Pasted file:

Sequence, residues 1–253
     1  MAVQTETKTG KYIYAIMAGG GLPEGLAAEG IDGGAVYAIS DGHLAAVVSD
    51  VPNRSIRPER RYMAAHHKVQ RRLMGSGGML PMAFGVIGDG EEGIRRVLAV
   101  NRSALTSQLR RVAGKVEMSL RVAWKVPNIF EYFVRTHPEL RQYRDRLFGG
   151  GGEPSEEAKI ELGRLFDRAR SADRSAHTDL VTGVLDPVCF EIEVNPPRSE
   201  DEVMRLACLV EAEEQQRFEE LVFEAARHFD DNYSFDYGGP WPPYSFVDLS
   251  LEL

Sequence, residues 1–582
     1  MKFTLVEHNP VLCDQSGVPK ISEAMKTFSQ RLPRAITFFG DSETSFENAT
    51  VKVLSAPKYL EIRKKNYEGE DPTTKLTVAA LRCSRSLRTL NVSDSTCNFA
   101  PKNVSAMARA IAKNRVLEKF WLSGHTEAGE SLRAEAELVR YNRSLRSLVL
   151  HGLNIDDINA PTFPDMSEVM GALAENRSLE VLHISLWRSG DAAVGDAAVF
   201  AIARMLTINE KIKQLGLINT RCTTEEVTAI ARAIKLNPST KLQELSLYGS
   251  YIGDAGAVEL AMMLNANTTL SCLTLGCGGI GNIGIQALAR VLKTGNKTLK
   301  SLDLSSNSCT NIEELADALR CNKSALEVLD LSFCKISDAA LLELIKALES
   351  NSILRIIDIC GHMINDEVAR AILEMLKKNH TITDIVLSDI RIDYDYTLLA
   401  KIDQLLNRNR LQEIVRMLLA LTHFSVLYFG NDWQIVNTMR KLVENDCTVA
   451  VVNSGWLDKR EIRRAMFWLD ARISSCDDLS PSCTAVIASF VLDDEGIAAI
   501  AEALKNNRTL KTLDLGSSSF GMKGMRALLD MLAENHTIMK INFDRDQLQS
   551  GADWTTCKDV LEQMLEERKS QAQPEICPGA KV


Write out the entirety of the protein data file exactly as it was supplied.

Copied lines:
Sequence, residues 1–253
     1  MAVQTETKTG KYIYAIMAGG GLPEGLAAEG IDGGAVYAIS DGHLAAVVSD
    51  VPNRSIRPER RYMAAHHKVQ RRLMGSGGML PMAFGVIGDG EEGIRRVLAV
   101  NRSALTSQLR RVAGKVEMSL RVAWKVPNIF EYFVRTHPEL RQYRDRLFGG
   151  GGEPSEEAKI ELGRLFDRAR SADRSAHTDL VTGVLDPVCF EIEVNPPRSE
   201  DEVMRLACLV EAEEQQRFEE LVFEAARHFD DNYSFDYGGP WPPYSFVDLS
   251  LEL

Sequence, residues 1–582
     1  MKFTLVEHNP VLCDQSGVPK ISEAMKTFSQ RLPRAITFFG DSETSFENAT
    51  VKVLSAPKYL EIRKKNYEGE DPTTKLTVAA LRCSRSLRTL NVSDSTCNFA
   101  PKNVSAMARA IAKNRVLEKF WLSGHTEAGE SLRAEAELVR YNRSLRSLVL
   151  HGLNIDDINA PTFPDMSEVM GALAENRSLE VLHISLWRSG DAAVGDAAVF
   201  AIARMLTINE KIKQLGLINT RCTTEEVTAI ARAIKLNPST KLQELSLYGS
   251  YIGDAGAVEL AMMLNANTTL SCLTLGCGGI GNIGIQALAR VLKTGNKTLK
   301  SLDLSSNSCT NIEELADALR CNKSALEVLD LSFCKISDAA LLELIKALES
   351  NSILRIIDIC GHMINDEVAR AILEMLKKNH TITDIVLSDI RIDYDYTLLA
   401  KIDQLLNRNR LQEIVRMLLA LTHFSVLYFG NDWQIVNTMR KLVENDCTVA
   451  VVNSGWLDKR EIRRAMFWLD ARISSCDDLS PSCTAVIASF VLDDEGIAAI
   501  AEALKNNRTL KTLDLGSSSF GMKGMRALLD MLAENHTIMK INFDRDQLQS
   551  GADWTTCKDV LEQMLEERKS QAQPEICPGA KV